In short, Samaranch’s IOC had become too successful and had to be brought back to reality. His successor, three-time Belgian sailing Olympian Jacques Rogge, served from 2001-13 and preferred to stay in the Olympic Village during the Games rather in an expansive hotel suite. On his watch, the Olympic Games were awarded to China (for 2008) and Brazil (for 2016) for the first time.

But the IOC was dogged by the perception of lavishness and dearly needed high-profile reforms. It got it in a new president, German Thomas Bach, a lawyer and 1976 fencing team gold medalist. At the height of the perception crisis, Bach developed and pushed through his Agenda 2020 program in December 2014, which significantly relaxed the process by which Olympic Games were awarded, planned and operated.

And Bach did not stop there. Building on the work of Samaranch – who established the Court of Arbitration for Sport in the 1980s – and Rogge, who led the formation of the World Anti-Doping Agency, Bach has changed the IOC and therefore, the international sports movement. With few exceptions, whatever the IOC does, everyone else follows.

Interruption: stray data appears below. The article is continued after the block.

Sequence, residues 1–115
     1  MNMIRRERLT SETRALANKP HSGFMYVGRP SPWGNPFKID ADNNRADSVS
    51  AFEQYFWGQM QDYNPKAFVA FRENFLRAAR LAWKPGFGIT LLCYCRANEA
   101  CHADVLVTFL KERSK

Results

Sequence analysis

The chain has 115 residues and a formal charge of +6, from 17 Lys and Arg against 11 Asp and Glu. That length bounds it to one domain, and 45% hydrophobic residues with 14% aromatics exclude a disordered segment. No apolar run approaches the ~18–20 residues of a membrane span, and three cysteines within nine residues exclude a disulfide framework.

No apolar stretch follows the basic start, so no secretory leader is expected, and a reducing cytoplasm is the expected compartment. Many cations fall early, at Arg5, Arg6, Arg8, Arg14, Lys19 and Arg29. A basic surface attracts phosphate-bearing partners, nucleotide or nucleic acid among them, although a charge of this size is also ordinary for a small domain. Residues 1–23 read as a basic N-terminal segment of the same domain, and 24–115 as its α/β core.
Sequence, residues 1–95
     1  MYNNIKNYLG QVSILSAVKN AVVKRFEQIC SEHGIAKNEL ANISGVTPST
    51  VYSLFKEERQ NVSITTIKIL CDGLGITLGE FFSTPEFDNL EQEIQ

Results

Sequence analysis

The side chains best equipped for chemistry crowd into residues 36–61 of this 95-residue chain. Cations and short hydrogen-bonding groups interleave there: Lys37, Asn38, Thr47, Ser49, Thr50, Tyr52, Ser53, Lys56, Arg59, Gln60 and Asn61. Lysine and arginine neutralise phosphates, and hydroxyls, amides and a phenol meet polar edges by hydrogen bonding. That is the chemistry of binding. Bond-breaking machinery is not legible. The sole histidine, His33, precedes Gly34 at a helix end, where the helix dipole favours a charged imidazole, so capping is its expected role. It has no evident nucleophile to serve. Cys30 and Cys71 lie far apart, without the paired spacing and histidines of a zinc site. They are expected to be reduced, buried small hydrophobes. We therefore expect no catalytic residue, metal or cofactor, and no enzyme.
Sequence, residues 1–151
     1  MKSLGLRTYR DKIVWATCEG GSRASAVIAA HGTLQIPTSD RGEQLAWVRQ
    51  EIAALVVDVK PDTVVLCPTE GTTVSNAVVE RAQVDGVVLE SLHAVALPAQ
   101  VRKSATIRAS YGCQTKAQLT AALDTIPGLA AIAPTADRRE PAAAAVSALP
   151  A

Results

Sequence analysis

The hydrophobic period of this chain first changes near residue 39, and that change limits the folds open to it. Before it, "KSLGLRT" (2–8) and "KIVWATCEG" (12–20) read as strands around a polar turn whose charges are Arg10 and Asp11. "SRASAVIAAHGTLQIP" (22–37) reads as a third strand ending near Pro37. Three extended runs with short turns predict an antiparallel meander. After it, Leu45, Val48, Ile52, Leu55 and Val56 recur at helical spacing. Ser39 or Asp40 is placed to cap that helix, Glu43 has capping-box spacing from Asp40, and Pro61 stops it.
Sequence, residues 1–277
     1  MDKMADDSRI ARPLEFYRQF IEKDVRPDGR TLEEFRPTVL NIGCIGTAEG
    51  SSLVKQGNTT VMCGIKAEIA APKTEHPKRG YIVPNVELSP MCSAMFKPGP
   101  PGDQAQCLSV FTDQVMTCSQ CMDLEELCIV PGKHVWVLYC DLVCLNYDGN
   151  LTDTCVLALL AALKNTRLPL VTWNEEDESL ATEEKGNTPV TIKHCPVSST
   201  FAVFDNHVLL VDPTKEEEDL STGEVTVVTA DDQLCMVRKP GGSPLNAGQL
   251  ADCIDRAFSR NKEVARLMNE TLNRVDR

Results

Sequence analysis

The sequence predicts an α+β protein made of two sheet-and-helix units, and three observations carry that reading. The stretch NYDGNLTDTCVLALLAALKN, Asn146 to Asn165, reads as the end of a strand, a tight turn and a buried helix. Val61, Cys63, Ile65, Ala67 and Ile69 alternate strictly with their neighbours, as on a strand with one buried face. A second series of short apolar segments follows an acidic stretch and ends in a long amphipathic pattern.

One of the first implementations of the Olympic Agenda 2020 was the publication of an IOC Annual Report covering the year 2014. Its sub-title was not the famed Olympic motto of “Citius – Altius – Fortius” (roughly, Swifter, Higher, Stronger), but an aspirational statement of “Credibility, Sustainability and Youth.”

The contrast with 1980 could not more dramatic. And Bach has been relentlessly expanding his reform efforts: